During hospitalization, her blood pressure was 170/100 mmHg and fasting blood sugar/random blood sugar level were 200/408 mg/dl, respectively. Diabetes was controlled with insulin (regular and neutral protamine Hagedorn insulin). Laboratory studies revealed: Hemoglobin (Hb) -11.4 g%, hematocrit (Hct) -34.9%, red blood cell - 4.37 10 6 /mm 3 , mean cell volume (MCV): 70.7 fl, white blood cell- 10.0 × 10 3 /mm 3 , platelet count (PLT): 225 × 10 3 /mm 3 ), coagulation tests: Prothrombin time (PT) -10.60 s (10.8-13.5), International normalized ratio (INR) - 0.83 (0.9-1.2), creatinine -0.4 mg/dL, potassium -3.1 mmol/L, sodium -135 mmol/L, bilirubin -0.39 mg/dL, aspartate aminotransferase (AST) -138 U/L (10-37), alanine aminotransferase (ALT) - 245 U/L (10-41), albumin-2.9 gm/dL (3.5-5.2).

24-hour urine for metanephrines and Vanillyl mandelic acid (VMA) were 269.5 mcg/24 hours (25-312) and 4.20 mg/24 hours (0-13.60), respectively. Morning cortisol level measured was 85.66 mcg/dl (6.20-19.40). Low-dose dexamethasone suppression test revealed cortisol level > 63.44 mcg/dL. Testosterone and Dehydroepiandrosterone sulfate (DHEA-S) levels were 602.87 ng/dL (14-76) and 312.90 μg/dL (74-410), respectively. Thyroid stimulating hormone (TSH) was normal, 0.41 μIU/mL (0.35-5.5).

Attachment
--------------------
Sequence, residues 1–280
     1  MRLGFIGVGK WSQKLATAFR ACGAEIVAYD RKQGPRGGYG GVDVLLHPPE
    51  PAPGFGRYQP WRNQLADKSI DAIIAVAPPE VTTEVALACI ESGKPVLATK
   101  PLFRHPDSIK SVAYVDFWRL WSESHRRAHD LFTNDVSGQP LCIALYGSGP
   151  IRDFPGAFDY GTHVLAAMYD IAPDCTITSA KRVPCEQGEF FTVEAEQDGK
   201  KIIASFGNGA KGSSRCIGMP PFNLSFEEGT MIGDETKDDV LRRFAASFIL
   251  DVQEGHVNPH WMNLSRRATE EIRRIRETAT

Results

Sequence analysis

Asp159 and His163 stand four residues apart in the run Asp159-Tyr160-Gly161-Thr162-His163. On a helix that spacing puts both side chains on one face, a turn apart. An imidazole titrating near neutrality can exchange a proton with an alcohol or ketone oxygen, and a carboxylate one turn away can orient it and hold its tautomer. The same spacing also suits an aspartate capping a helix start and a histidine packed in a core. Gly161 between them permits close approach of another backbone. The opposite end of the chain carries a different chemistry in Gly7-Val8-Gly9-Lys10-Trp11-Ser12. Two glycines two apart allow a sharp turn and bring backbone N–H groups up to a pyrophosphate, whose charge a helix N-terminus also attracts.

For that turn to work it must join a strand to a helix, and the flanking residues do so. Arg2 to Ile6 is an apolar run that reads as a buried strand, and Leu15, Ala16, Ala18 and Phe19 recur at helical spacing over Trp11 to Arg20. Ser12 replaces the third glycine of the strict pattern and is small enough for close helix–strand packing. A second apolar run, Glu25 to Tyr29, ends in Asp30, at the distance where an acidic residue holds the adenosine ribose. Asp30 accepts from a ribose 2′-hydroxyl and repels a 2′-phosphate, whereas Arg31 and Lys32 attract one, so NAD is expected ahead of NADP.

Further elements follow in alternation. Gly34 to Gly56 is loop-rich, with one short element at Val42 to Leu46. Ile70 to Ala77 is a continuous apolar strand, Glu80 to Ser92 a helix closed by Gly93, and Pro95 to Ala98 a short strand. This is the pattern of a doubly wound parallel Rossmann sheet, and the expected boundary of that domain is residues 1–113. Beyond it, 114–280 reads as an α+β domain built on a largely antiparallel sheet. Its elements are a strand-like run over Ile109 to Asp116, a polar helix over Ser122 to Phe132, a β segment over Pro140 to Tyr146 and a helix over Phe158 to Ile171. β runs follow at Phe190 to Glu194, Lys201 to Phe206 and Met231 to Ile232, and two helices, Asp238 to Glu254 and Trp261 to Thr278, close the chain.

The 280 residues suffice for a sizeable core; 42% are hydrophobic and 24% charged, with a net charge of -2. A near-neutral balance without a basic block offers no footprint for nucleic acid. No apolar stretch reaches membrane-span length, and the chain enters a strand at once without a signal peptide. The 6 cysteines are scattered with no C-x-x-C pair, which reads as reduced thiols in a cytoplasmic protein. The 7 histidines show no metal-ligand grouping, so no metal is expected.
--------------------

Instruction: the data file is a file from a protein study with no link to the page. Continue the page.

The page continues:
Abdominal ultrasound and MRI revealed a large heterogeneous tumor originating in the right adrenal gland measuring 77 × 64 × 64 mm, displacing the liver parenchyma superiorly and right kidney inferiorly with focal loss of fat planes suggestive of neoplastic adrenal tumor [Figure 1]. Neither enlarged lymph nodes in retroperitoneal space nor liver metastases was seen. An echocardiography study showed normal left ventricular size and systolic function with ejection fraction of 54% (50-80) and left bundle branch block with no regional wall abnormalities seen.{Figure 1}

Hypokalemia (2.7 mmol/L) needed constant administration of intravenous potassium. Diabetes control was achieved by intensive insulin therapy (regular and NPH). The decision to treat was taken by a multidisciplinary team consisting of urologist, gastro-surgeon, gynecologists, endocrinologists, and anesthesiologists. Risk and benefit of laparoscopy vs. open surgery were explained to the patient and open adrenalectomy was performed.